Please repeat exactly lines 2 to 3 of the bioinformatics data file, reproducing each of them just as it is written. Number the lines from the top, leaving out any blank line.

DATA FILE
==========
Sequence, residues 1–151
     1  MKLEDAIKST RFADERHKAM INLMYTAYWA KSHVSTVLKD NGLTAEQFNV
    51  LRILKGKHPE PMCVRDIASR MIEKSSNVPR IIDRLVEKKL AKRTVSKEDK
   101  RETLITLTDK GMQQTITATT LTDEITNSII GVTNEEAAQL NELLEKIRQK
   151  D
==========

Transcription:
     1  MKLEDAIKST RFADERHKAM INLMYTAYWA KSHVSTVLKD NGLTAEQFNV
    51  LRILKGKHPE PMCVRDIASR MIEKSSNVPR IIDRLVEKKL AKRTVSKEDK